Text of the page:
by Rev. Brendan Curran, Assoc. Minister         –          Sept. 15, 2018

“But those who wait for the Lord shall renew their strength, they shall mount up with wings like eagles, they shall run and not be weary, they shall walk and not faint.”  -Isaiah 40:31

“Thoughts and Prayers”…

We hear that expression a lot.  As the church, we’re technically in the business of thoughts and prayers.  We offer thoughts and prayers to the world when it’s in pain but what does that mean? How do we pray for the world?  In Dale’s last blog he wrote about how we are called to be Christ’s presence for our community.  One way we live into that calling is through prayer. How do we respond to the pain in the community around us and in the community of our world through prayer?

Doing that scares us sometimes.  It seems daunting.  We become fatigued from hearing the expression, “thoughts and prayers,” when it becomes a soundbite we utter mechanically in the face of extreme suffering and bleak realities.  We become cynical about the mention of, “thoughts and prayers,” when it’s said in response to human-caused tragedies and backed up with no actions or change.  Many of us might even be wounded by prayer, because sometimes it just feels like our prayers aren’t being heard or answered.

Beloved, “thoughts and prayers,” are more than a soundbite.  They are truly powerful when we hold them together.  I want to suggest two ways of praying that might help move beyond prayer fatigue.


If you are having difficulty praying, “TO” God, try praying “LIKE,” God.

For Christians, praying, “Like God,” means praying the way Jesus prayed.  Consider Jesus’s prayer. In Jesus’s prayer that we recite every Sunday, he illustrates God as a life-generating creative presence dwelling in the power of Love. With his words, “Thy will be done on Earth as it is in heaven,” he invokes Heaven on Earth.  Prayer, for Jesus, is a conjuring.  When Jesus prayed, he placed his heart into the Life of Love, and from that standpoint, approached the world.  The way Jesus prays is courageous.  His way of praying is a direct confrontation of all the world’s crosses with the calling down of God’s justice, peace, and possibilities for all creation.  Jesus’s prayer doesn’t turn away from suffering.  He looked at sickness and called healing into being.  He witnessed war and hunger and called forth full bellies and togetherness.  Not turning away from injustice, he named oppression and evil and called forth liberation.  He witnessed the prisons and called forth freedom.  This is something we can do.  We are called to pray like that too, for our world.  By praying like that, Jesus teaches us to be conjurers of the realm of God on Earth.  By praying like that, Jesus teaches us how to let our hearts include the world.  The poet Stanley Kunitz wrote, “In a murderous time the heart breaks and breaks and it lives by breaking.”  Though conjuring the realm of God and praying like Jesus might involve heartbreak at times, we discover God at work in our hearts when we do.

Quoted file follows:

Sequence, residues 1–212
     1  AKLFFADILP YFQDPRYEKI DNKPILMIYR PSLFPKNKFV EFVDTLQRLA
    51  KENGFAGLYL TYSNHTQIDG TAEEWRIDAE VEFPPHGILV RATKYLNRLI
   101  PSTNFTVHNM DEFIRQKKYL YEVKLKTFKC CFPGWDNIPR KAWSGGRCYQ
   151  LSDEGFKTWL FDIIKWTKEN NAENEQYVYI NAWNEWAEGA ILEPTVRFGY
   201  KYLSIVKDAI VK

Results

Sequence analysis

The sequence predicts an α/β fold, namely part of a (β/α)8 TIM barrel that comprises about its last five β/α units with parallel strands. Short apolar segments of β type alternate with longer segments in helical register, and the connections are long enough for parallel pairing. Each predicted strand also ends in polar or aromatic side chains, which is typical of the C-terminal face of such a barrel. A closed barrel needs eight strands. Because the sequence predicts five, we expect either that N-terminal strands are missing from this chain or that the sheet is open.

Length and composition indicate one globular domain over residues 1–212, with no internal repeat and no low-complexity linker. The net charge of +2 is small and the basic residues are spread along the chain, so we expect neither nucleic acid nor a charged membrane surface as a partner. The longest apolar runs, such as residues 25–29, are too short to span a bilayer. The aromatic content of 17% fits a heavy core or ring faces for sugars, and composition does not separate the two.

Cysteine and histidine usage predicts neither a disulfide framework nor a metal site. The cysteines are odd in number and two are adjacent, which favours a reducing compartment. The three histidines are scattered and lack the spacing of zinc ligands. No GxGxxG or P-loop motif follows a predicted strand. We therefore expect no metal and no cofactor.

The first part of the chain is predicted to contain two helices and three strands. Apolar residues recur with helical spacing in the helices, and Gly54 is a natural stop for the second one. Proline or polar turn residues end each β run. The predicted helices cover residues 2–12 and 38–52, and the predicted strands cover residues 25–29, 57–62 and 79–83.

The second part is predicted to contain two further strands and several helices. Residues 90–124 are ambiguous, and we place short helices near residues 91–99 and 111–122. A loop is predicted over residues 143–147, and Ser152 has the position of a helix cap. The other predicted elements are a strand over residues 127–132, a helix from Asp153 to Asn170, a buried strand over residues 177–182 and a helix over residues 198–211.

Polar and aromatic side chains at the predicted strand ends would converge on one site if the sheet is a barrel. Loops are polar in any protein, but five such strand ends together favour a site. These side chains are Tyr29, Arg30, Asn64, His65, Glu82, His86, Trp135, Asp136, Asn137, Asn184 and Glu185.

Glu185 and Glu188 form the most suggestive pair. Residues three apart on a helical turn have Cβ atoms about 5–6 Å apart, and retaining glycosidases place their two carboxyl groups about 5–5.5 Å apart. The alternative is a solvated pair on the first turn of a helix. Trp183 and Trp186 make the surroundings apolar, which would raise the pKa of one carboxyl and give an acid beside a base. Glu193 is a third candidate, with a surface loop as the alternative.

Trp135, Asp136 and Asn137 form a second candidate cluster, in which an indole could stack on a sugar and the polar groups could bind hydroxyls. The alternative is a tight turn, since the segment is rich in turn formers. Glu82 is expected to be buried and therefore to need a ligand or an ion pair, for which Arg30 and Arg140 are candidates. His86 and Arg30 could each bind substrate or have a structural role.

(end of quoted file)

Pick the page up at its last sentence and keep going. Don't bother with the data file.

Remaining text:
Frederick Douglas


We can pray with our legs! (Or for that matter our hands, our wheels, our voices, etc.) Frederick Douglas wrote, “I prayed for twenty years but received no answer until I prayed with my legs.”  When hunger and loneliness insult our heart’s longing for grace we can feed people and hold their hands.  When ignorance and waste disgust us, we can paint a more beautiful picture.  We can allow our hope-filled actions to be our conjuring prayers and invocations! We can plant seeds on the aching Earth!  We can protest!  We can sing!  We can pray through so many acts of creation….  Hallelujah, we can pray with our legs!

The world so desperately needs communities that pray like this.  The world so desperately needs these kinds of thoughts and prayers!  Let’s try it!  Let’s conjure the realm of God and pray with our legs and see what happens.  One thing is certain.  It will involve no prayer fatigue because God is certain to show up when we do.

Thoughts and prayers,